Home » Nonfiction » Mark Tushnet » Weak Courts, Strong Rights

March 13 , 2008

Weak Courts, Strong Rights

Judicial Review and Social Welfare Rights in Comparative Constitutional Law


Unlike many other countries, the United States has few constitutional guarantees of social welfare rights such as income, housing, or healthcare. In part this is because many Americans believe that the courts cannot possibly enforce such guarantees. However, recent innovations in constitutional design in other countries suggest that such rights can be judicially enforced – not by increasing the power of the courts but by decreasing it. In Weak Courts, Strong Rights, Mark Tushnet uses a comparative legal perspective to show how creating weaker forms of judicial review may actually allow for stronger social welfare rights under American constitutional law.

Download fb2

Read also

Unstable Constitutionalism

Although the field of constitutional law has become increasingly comparative in recent years, its geographic focus has remained limited. South Asia, despite being the site of the world's largest democracy and a vibrant if turbulent constitutionalism, is one of the important neglected regions within the field. This book remedies this lack of…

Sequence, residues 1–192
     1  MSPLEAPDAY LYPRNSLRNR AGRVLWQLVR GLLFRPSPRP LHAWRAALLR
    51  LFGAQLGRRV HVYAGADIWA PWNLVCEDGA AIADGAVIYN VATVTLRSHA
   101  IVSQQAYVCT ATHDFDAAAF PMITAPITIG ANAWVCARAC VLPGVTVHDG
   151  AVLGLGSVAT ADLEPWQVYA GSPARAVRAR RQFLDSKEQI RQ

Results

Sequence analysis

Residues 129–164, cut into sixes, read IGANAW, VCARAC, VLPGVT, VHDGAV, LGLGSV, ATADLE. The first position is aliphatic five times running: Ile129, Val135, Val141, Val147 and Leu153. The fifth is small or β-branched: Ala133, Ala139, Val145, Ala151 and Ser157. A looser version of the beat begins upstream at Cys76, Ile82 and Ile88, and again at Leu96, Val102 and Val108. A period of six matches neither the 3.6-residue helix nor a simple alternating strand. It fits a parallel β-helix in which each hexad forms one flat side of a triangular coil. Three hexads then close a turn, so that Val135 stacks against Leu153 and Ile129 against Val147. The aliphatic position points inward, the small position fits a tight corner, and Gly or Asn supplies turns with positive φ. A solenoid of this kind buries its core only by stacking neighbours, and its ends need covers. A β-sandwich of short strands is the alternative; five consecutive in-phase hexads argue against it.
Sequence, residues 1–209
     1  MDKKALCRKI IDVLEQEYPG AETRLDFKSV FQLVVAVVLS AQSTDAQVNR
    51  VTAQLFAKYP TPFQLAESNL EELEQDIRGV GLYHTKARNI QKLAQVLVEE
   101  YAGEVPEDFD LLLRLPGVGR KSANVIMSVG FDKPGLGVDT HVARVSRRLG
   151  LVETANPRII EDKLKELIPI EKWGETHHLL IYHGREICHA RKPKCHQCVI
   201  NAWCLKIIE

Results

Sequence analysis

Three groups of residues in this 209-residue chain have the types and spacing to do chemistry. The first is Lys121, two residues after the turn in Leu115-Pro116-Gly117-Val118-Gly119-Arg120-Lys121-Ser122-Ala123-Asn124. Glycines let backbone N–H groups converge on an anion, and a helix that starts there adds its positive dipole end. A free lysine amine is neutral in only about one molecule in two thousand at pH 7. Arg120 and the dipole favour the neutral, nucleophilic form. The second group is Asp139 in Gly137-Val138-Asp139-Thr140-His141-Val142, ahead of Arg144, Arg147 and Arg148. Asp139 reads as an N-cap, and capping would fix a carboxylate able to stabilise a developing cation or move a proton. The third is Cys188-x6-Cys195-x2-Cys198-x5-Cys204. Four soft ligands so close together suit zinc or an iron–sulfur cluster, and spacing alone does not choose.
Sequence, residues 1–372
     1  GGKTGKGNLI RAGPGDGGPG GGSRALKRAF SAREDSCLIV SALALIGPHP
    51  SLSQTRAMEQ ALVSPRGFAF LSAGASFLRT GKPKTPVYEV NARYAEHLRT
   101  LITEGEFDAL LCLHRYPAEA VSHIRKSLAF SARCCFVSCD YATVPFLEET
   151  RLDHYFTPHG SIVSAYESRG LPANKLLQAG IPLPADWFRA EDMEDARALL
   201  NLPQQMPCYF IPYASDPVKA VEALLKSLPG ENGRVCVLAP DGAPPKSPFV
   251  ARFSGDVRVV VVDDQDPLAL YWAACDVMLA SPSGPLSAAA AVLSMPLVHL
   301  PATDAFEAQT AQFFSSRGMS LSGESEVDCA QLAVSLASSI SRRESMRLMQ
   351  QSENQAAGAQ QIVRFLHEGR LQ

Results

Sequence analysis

Under "strong-form" judicial review, as in the United States, judicial interpretations of the constitution are binding on other branches of government. In contrast, "weak-form" review allows the legislature and executive to reject constitutional rulings by the judiciary – as long as they do so publicly. Tushnet describes how weak-form review works in Great Britain and Canada and discusses the extent to which legislatures can be expected to enforce constitutional norms on their own. With that background, he turns to social welfare rights, explaining the connection between the "state action" or "horizontal effect" doctrine and the enforcement of social welfare rights. Tushnet then draws together the analysis of weak-form review and that of social welfare rights, explaining how weak-form review could be used to enforce those rights. He demonstrates that there is a clear judicial path – not an insurmountable judicial hurdle – to better enforcement of constitutional social welfare rights.

Show more...

How to download book

Buy this book

You can buy this book now only for $23.09. This is the lowest price for this book.

Buy book

Download book free

If you want to download this book for free, please register, approve your account and get one book for free.


After that you may download book «Weak Courts, Strong Rights»:

Download Papyre FB2:


Download Adobe DRM: